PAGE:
How Much Money Should I Keep in My Chequing Account?

by Jordan Lavin June 15, 2017 / No Comments

When you think of your bank, you probably think of the one you hold your chequing account with. You might use a variety of banks for different purposes like credit cards and savings accounts, but for most Canadians chequing accounts are at the centre of our banking world.

Your chequing account is the home base for your money. It’s the first stop for deposits and the main line of defense against monthly expenses. The health of your chequing account is a litmus test for the health of your overall finances. Keep too little money in your chequing account, and you risk getting hit with penalties and possibly hurting your credit if your account is overdrawn. Keep too much, and you might miss opportunities to grow your savings.

So, how much money should you keep in your chequing account?

To answer this question, you need to understand where you get value for having a chequing account. Typically, your banking package includes a number of transactions you can use to carry out your daily banking. Deposits come in, and debits—such as point-of-sale (POS) purchases, bill payments, and fees—go out. The point of the account is flexibility to move your money around quickly and easily, and in exchange for this, you usually pay a monthly fee and often forego any interest earnings on the account. This is in contrast to high-interest savings accounts, which usually have no monthly fee and pay competitive interest rates.

Read: Chequing Accounts: Credit Unions vs. Banks

Let’s start with the obvious: You need to keep enough money in your chequing account to cover your day-to-day expenses. If you’re not sure what your daily needs are, the easiest way to do this is to look back over your monthly statements and see what debits you typically have in a month. For example, if your monthly spending is $1,500 on your mortgage, $1,000 on bills, and $500 for POS purchases, you may need to have as much as $3,000 in your account at the start of the month to cover your expenses. Since it’s probably not realistic for you to be a full month ahead of your spending, you might find it beneficial to keep track of all your bill payments in a calendar so you know when they’re coming up, or use an app to track your upcoming payments. Banks don’t always move as fast as we’d like them to, so try to have the money in your account at least a few days early just in case.

In addition to this amount, you’ll want to keep a few extra dollars for unexpected expenses. If something pops up that you’re not ready for (hello, annual magazine subscription fee you completely forgot about), you could be dinged with expensive non-sufficient funds (NSF) or overdraft fees—sometimes up to $50 every time your account is overdrawn. Choose a realistic amount to keep in your chequing account as a buffer. Your buffer should be just enough to keep you from worrying whether you have enough in your account. Start with a few hundred dollars and adjust up or down depending on your needs.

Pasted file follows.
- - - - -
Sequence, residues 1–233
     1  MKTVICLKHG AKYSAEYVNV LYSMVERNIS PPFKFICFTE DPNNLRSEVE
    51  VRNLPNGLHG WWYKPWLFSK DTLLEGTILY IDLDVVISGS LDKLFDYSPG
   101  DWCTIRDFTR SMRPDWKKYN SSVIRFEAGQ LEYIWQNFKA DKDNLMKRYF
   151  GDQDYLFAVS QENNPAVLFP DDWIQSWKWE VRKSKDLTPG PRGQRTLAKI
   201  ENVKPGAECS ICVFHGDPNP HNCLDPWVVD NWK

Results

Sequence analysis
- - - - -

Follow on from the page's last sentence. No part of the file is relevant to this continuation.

This is the minimum amount you should keep in the bank, but there are times when you’ll want to keep more. That’s because many banks will waive the monthly fee for their premium chequing accounts if you keep a minimum balance. For example, if you open a CIBC chequing account, you could have the monthly fee waived by keeping a certain amount of money in the account at all times. It varies by product, but the CIBC Smart Account has a monthly fee of $4.95 that’s waived as long as you never end a day with a balance below $3,000.

Read: CIBC checking account and checking accounts

These minimum balance offers are tempting, but take a moment to consider whether that money would be better saved elsewhere. Using the example above, your $3,000 would earn nearly $70 in interest if saved in an EQ Bank Savings Plus Account at an interest rate of 2.3%. You can also look for a no-fee chequing account that doesn’t require you to keep a minimum balance.

There are other risks involved with keeping too high a balance in your chequing account as well. Because your chequing account information is shared in a lot of places, it’s a potential target for fraud or theft. The banks are pretty good at detecting fraudulent transactions, but keeping your balance in line with your expenses can help keep you from losing more money in case your account information falls into the wrong hands.

There’s one more thing for you to think about. If you use your chequing account for daily spending, keeping a higher balance can make you feel entitled to spend more than you want to, and hurt your savings goals. Moving extra money to a high-interest savings account (where it’s harder to reach) can help keep your spending in check.

Your chequing account may be the centre of your banking universe, but it shouldn’t be the place you keep most of your money. Even with monthly fee rebates, you can often earn more interest by moving extra cash into a high-interest savings account. The right amount of money to keep in your chequing account is just enough to cover your expenses, with enough of a cushion to keep you comfortably safe from surprises and penalties.

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